New Jersey Governor Chris Christie is no stranger to stating exactly what is on his mind. He took advantage of the opportunity again at a Thursday press conference when he said, “I'm tired of dealing with the crazies.” Christie made the comments in defense of his appointment of a Muslim American to a state judgeship.
Conservative bloggers have been criticizing the appointment of Sohail Mohammed for many months before Christie was asked about it at the press conference. The bloggers were critical of Mohammed for his alleged ties to Islamic extremist groups.
“Sharia law has nothing to do with this at all. It’s crazy. It’s crazy. The guy’s an American citizen who has been an admitted lawyer to practice in the state of New Jersey, swearing an oath to uphold the laws of New Jersey, the constitution of the state of New Jersey, and the Constitution of the United States of America,” Christie said.
Christie, whose candid remarks have generated controversy over the last few months, also said, “this Sharia law business is crap. It’s just crazy. And I’m tired of dealing with the crazies. It’s just unnecessary to be accusing this guy of things just because of his religious background. This Sharia law business is crap. It’s just crazy.”
Critics of Sohail Mohammed raise issue with his membership on the board of the American Muslim Union (AMU) and his ties to Mohammed Qatanani, an AMU member. The AMU and Mohammed Qatanani, critics argue, have ties to Islamic extremists. Christie, on the other hand, has also been a supporter of Qatanani, taking the view that he is not an extremist.
Commentary magazine, a conservative publication, had competing views on Christie's defense of Sohail Mohammed. Peter Wehner, senior fellow at the Ethics and Public Policy Center, praised Christie for his remarks.
“One of the troubling tendencies that has recently arisen among conservatism is an unfair animus toward Muslim Americans. ... Thankfully, this anti-Muslim strain isn’t dominant within conservatism. But what is discouraging is how few GOP lawmakers and conservative voices have been willing to confront it. Which is why I’m grateful New Jersey Governor Chris Christie spoke out in defense of his appointment of Sohail Mohammed to a state bench. ... It’s one thing, and a laudable thing, not to participate in this ugliness. But it’s another thing, and a far more admirable thing, to stand against it. My former boss, President Bush, did this in the immediate aftermath of 9/11. And now, thankfully, Governor Chris Christie has as well,” Wehner wrote.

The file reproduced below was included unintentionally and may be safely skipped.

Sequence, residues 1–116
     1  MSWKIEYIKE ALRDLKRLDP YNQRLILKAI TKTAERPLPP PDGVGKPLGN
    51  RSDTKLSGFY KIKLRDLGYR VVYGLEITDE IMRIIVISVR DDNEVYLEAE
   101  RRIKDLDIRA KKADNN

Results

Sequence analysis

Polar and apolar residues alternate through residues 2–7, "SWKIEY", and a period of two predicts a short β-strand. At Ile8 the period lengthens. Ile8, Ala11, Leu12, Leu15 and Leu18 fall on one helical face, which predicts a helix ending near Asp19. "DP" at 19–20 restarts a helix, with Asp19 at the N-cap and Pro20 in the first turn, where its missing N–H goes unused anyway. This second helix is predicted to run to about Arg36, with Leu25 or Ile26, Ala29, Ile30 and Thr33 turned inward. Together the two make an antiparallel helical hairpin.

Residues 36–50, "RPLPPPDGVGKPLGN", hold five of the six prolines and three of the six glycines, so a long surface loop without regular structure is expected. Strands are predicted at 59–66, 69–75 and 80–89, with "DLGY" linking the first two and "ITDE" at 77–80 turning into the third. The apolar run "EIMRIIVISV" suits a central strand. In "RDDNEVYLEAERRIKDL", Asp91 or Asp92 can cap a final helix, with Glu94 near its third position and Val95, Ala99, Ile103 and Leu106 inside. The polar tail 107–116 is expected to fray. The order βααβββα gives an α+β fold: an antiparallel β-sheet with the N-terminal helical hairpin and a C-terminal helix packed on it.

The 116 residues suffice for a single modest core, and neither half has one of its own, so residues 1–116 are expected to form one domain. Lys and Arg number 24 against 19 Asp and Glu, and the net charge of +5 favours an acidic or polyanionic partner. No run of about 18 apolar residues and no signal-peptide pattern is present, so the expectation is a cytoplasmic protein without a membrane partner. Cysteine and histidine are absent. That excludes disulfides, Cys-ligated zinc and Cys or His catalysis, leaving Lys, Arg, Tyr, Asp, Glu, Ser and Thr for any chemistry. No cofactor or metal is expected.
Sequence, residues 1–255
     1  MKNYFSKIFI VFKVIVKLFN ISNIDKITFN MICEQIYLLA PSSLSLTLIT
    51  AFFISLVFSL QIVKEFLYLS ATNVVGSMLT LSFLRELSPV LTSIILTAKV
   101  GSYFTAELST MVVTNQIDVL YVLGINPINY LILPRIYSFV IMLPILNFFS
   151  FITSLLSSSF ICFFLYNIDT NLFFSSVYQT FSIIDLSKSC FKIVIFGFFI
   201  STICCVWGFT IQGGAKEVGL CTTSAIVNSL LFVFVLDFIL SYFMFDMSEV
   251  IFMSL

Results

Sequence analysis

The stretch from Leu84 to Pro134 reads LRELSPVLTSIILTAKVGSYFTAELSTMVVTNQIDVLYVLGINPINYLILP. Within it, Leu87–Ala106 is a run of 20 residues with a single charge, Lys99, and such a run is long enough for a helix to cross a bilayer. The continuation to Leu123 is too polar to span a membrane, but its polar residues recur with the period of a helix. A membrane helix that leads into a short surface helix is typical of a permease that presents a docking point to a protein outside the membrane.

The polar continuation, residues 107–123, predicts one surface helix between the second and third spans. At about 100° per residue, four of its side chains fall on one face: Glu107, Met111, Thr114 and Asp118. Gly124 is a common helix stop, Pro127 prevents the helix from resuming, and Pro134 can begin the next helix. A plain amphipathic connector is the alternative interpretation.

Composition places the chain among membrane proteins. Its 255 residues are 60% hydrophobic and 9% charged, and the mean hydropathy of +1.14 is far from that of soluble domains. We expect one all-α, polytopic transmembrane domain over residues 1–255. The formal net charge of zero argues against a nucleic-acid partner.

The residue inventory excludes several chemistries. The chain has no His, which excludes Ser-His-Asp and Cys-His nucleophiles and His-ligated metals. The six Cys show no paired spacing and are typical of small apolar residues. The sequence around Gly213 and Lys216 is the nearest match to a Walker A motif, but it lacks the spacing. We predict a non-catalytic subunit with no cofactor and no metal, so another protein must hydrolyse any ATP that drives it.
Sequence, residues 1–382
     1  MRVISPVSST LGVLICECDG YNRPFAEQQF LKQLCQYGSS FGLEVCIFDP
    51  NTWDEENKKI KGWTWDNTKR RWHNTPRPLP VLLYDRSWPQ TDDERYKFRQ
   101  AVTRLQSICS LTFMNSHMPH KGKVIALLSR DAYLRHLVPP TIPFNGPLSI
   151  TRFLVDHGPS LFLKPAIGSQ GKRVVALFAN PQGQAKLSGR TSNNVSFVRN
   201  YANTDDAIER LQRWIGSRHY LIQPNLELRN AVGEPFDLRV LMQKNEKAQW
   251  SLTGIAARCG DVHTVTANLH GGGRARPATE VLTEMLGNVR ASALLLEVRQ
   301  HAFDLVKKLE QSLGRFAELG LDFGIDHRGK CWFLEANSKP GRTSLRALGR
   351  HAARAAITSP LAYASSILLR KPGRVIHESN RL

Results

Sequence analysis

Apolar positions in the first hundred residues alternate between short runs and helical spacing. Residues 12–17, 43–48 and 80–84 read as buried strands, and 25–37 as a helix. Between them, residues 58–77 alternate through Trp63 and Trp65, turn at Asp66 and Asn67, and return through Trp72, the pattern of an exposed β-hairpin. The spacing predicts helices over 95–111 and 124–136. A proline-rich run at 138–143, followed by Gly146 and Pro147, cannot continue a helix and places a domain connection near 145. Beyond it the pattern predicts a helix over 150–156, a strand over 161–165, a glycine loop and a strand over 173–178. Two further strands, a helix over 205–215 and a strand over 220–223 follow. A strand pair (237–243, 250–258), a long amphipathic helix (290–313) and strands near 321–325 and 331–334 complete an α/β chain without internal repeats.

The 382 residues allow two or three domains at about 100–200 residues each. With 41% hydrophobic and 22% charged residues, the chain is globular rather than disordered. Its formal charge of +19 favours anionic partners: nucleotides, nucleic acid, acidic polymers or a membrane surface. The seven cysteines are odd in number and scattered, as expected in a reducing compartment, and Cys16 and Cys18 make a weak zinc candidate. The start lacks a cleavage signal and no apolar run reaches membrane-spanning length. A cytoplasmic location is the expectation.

Jonathan Tobin countered that, while he agrees with Wehner about anti-Muslim bias in conservatism, he does not think that anti-Muslim bias is the main issue in the concerns over Christie's appointment of Sohail Mohammed.
“But the questions raised about Sohail Mohammed, the American Muslim Union and Christie’s own conduct in the Qatanani case have nothing to do with such nonsense. Rather, this is about the willingness of some Americans to turn a blind eye to the prominent role of Islamists and terror supporters like Qatanani and to the political influence of fixers like Sohail Mohammed. Smearing as bigots those who have posed questions about Christie’s bad judgment is not the same thing as standing up against religious prejudice,” Tobin wrote.